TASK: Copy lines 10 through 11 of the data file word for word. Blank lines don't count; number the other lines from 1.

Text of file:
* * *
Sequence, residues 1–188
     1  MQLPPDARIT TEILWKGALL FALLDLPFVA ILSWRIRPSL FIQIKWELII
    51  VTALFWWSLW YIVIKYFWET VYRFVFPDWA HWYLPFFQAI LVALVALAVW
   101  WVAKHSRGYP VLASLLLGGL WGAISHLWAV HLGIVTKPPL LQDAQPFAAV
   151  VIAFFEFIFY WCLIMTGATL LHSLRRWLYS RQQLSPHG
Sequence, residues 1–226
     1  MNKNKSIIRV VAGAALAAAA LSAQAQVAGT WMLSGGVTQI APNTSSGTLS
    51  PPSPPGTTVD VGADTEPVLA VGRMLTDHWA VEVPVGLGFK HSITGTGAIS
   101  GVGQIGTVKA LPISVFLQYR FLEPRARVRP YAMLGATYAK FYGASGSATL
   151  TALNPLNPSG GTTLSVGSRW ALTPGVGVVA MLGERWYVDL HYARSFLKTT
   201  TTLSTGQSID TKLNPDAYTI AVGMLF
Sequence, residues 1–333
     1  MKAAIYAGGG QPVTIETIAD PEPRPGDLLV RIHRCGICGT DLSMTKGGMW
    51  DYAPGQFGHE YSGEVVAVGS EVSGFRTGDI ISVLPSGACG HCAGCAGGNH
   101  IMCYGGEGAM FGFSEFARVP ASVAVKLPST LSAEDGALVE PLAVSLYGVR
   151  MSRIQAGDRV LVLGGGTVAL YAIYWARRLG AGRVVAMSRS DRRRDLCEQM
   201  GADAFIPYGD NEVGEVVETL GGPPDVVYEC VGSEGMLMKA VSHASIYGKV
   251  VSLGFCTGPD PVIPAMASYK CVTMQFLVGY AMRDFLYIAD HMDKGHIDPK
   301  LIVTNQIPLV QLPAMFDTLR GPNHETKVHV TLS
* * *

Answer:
   151  TALNPLNPSG GTTLSVGSRW ALTPGVGVVA MLGERWYVDL HYARSFLKTT
   201  TTLSTGQSID TKLNPDAYTI AVGMLF